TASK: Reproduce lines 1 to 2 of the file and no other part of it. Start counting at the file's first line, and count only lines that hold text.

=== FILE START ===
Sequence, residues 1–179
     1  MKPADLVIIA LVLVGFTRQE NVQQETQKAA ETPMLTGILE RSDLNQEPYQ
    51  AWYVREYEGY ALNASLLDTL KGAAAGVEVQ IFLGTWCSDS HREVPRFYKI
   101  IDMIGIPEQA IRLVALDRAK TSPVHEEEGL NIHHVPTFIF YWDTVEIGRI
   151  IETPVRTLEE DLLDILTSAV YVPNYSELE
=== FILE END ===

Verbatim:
Sequence, residues 1–179
     1  MKPADLVIIA LVLVGFTRQE NVQQETQKAA ETPMLTGILE RSDLNQEPYQ